With a wince, the Rat

Packet Rat
R. Fink

With a wince, the Rat
is rewired, reconnected, perhaps reborn by NT

Readers know all about the Rat’s technolust for power-sucking, megahertz-pumping
multiprocessor machines that run hydrodynamic simulations in the background while
recompiling his latest set of homebrew drivers.

But now and then something small makes the cyberrodent drool. This time it’s the
newest road warrior toy: a featherweight PC running Microsoft Windows CE.

The whiskered one has long regarded WinCE as the most aptly named of all Windows
operating systems. Previous versions of the mobile OS did make him wince.

Anyone who can touch-type C++ code at 20 lines a minute fumes at having to regress to
hunt-and-peck Chiclet keys.

But recent events caused the furry one to give WinCE another whack. While in Boston a
few weeks ago for the Visual C++ developers conference, the wirebiter found himself
digitally naked. His 10-pound-plus notebook suddenly decided to turn itself into a highly
scalable paperweight, depriving him of e-mail and Web access.

The Rat began suffering from full-blown Internet withdrawal. Usually he can cure such
afflictions with an IMPAC credit card and a discretionary budget, so he went looking for
something to reconnect him to his lifeline.

Problem was, he was in Boston—on foot, unwired and unable to wait for a next-day
delivery. The staff at the local computer shops looked at him like the giant rat he is
when he started asking about General Services Administration Information Technology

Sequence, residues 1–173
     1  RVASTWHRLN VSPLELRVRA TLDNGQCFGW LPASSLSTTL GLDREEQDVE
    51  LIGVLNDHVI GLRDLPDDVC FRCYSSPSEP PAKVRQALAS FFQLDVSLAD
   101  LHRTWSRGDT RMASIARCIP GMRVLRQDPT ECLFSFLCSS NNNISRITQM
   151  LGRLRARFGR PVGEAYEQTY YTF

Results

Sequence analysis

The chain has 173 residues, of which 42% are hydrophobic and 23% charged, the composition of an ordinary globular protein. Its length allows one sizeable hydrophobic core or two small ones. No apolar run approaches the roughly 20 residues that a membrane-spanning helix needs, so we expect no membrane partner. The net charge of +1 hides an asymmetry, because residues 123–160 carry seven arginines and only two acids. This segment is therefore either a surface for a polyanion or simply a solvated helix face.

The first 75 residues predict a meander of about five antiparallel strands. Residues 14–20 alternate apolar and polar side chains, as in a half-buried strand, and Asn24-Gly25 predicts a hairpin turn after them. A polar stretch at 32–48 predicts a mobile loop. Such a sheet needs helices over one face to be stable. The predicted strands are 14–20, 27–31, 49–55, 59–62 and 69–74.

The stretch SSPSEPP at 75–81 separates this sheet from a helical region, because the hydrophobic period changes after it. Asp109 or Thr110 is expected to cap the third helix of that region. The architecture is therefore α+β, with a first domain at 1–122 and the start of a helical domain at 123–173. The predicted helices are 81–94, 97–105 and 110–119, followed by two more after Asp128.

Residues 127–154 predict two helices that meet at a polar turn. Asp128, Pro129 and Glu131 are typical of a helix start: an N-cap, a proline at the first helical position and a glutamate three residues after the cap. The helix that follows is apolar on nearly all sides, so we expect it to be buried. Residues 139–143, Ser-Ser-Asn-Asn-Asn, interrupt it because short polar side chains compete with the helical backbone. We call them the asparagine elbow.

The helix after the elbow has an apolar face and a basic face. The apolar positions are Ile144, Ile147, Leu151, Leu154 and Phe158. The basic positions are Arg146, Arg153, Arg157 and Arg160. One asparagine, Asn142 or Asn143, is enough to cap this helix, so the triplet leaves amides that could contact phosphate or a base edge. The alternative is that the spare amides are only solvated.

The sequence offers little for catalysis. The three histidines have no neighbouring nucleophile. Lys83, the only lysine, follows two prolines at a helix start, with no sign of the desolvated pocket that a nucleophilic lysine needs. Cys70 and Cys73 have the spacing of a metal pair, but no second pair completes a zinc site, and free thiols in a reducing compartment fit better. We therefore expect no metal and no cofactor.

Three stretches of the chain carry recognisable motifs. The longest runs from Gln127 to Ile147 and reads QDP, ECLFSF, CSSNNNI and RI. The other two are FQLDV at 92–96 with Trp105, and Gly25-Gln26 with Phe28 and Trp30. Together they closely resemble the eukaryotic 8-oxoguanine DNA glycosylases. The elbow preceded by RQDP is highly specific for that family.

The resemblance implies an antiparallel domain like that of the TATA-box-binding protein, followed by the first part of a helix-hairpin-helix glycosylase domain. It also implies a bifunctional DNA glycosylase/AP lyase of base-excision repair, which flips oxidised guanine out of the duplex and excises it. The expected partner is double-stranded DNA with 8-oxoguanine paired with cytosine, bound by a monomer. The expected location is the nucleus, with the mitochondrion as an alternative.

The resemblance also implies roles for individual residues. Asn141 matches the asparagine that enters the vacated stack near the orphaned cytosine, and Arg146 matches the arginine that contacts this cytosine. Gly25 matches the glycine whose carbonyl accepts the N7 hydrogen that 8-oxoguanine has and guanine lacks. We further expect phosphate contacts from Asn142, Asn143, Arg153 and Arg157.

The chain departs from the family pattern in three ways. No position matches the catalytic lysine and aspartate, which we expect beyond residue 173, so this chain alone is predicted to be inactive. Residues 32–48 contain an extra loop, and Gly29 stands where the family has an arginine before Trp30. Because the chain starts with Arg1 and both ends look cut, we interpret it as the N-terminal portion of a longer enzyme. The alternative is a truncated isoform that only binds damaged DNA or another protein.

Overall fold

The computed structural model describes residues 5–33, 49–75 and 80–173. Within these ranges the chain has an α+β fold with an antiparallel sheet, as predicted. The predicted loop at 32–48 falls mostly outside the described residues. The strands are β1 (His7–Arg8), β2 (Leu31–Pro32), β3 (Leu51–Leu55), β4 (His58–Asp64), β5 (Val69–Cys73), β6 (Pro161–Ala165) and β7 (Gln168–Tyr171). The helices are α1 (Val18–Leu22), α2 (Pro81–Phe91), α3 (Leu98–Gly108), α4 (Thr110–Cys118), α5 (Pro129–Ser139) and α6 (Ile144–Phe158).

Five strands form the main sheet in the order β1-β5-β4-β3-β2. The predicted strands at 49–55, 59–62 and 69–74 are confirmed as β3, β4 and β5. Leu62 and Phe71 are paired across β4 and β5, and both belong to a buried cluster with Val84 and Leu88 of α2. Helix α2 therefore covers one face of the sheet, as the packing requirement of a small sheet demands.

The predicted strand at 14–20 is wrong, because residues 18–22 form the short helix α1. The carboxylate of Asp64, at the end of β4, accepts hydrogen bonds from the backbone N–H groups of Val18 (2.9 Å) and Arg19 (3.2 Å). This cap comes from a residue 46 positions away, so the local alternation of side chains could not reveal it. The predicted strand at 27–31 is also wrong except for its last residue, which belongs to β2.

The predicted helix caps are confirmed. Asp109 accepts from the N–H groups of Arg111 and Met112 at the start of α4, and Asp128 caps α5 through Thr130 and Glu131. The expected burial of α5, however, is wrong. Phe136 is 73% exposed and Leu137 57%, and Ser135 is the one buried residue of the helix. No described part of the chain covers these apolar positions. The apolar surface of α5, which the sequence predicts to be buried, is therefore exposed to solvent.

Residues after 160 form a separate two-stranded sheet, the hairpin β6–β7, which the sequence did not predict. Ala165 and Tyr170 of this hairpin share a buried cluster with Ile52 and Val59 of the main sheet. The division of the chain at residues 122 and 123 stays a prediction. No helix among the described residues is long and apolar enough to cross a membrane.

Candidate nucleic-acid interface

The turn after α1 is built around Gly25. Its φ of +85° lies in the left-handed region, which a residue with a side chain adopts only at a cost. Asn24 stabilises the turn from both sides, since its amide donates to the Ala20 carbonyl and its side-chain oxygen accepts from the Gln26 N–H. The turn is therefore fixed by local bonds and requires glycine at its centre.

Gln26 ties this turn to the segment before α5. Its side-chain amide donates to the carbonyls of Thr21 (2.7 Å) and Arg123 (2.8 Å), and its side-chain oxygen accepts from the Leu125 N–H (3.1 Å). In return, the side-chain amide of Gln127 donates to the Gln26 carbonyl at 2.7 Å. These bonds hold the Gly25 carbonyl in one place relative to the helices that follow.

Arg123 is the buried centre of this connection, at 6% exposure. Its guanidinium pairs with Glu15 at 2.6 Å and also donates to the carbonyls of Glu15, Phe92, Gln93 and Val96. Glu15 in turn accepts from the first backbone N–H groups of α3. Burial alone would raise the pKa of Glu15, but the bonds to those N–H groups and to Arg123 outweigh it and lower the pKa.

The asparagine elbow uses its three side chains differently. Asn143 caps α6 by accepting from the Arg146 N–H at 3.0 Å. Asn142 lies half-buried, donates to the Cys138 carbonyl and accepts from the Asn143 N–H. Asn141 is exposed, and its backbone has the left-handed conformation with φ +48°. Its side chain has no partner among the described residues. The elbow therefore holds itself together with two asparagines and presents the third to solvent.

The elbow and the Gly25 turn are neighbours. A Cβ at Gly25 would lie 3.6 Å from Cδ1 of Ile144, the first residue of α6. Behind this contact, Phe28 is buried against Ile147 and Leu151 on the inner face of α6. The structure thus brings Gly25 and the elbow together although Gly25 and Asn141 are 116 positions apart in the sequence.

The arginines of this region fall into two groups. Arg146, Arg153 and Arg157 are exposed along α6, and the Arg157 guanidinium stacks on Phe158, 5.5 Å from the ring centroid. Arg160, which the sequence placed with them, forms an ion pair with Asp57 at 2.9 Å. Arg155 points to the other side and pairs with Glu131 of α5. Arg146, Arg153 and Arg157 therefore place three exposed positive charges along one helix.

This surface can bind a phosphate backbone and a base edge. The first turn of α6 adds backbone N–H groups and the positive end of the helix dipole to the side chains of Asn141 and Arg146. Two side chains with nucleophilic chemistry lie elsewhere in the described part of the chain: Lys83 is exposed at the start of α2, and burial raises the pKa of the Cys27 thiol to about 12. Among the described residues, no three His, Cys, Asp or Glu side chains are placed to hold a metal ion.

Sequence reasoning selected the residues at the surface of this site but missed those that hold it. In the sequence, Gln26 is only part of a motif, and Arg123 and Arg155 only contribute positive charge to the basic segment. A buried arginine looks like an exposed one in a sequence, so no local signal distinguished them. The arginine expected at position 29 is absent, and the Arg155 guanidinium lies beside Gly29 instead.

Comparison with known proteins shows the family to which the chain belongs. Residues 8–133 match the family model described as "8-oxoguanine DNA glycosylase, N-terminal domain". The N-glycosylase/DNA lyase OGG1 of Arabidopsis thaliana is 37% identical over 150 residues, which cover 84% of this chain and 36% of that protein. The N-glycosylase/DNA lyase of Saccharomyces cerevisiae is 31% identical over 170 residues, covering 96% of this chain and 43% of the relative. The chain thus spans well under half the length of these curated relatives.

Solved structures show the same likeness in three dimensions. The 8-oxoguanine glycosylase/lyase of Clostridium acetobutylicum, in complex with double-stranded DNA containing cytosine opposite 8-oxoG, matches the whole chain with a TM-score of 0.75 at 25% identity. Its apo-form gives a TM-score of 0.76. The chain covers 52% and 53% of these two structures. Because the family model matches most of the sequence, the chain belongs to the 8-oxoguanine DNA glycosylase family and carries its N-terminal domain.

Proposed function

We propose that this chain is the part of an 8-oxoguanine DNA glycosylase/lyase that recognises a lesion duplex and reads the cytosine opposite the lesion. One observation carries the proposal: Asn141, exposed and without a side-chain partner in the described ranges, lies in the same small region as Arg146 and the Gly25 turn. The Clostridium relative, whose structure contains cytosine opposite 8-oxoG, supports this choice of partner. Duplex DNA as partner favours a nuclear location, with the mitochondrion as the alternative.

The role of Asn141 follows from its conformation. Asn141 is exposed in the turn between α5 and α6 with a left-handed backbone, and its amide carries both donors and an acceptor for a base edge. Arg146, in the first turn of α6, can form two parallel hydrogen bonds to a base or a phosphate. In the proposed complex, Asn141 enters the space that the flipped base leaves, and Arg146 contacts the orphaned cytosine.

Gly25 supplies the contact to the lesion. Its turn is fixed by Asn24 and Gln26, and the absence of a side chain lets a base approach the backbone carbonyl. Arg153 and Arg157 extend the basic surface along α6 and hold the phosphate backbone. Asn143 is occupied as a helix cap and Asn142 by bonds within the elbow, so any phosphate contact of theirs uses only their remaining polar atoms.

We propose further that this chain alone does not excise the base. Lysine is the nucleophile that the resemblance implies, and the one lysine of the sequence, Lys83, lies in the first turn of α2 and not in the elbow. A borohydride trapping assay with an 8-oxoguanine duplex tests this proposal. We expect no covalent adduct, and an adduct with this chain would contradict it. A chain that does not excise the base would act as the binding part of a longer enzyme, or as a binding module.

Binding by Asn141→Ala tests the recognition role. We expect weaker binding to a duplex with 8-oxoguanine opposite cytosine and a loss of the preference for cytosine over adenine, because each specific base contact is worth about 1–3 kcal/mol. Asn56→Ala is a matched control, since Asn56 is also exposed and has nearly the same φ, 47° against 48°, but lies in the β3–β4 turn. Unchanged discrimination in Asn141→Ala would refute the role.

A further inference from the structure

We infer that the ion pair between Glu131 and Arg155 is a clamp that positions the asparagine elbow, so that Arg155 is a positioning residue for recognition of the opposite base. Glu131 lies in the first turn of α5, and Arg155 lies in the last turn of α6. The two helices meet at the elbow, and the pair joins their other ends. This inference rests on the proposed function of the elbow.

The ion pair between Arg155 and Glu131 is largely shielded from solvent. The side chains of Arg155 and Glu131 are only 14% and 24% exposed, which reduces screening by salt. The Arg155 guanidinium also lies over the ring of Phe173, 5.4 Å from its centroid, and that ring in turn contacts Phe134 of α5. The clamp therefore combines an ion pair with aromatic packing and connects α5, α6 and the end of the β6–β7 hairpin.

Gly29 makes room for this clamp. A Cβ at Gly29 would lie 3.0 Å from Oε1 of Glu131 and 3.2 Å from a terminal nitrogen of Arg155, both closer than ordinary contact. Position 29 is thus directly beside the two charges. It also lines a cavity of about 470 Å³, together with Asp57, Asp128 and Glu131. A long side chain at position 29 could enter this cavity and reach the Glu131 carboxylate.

Schedule prices.

What’s more, none of their display systems even had an Internet hookup. “The
nerve!” spat the Rat.

He was nearly in a coma when he returned empty-pawed to the Visual C++ conference. It
had been four whole hours since the cyberrodent had last checked his servers’ uptime.

Truly desperate, he bumped into a fellow coder carrying what looked like a remarkably
small device from NEC Computer Systems. After hiding the coder’s unconscious body in
a stairwell, the Rat booted up the MobilePro 800. It was running WinCE.

Just before collapsing in despair again, he spotted the yellow feature sticker glued
above the device’s touch-type keyboard. Miraculously, the unit was equipped with an
internal V.90 modem and Point-to-Point Protocol dialer. And it was brand-new.

The furry one followed the scent of shrinkwrap to the back of a WinCE programming
session where someone was selling brand-new thin clients. Scraping tips off tables in the
hotel restaurant, the Rat procured the software and headed for the nearest RJ-11 port to
get a fix. Within minutes, he had re-established his connection to the digital universe.

It was, as Elmer Fudd might say, the beginning of a beautiful fwendship. The rodent can
now dispense a few compliments to Microsoft Corp. reps among rants about his Windows NT
problems. He finds himself extolling the MobilePro’s virtues to co-workers, Metro
passengers and the cashier at the corner convenience store.

The kicker, of course, is that Microsoft is turning WinCE into a client for Windows
Terminal Server and the terminal service in Windows 2000. So the seduction begins again.
Microsoft is plying the Rat with sexy hardware to lure him back into the NT camp.

It might just work—until he figures out how to burn the Linux Kool Desktop
Environment onto the MobilePro’s ROM.   n

The Packet Rat once managed networks but now spends his time ferreting out bad packets
in cyberspace. E-mail him at [email protected]


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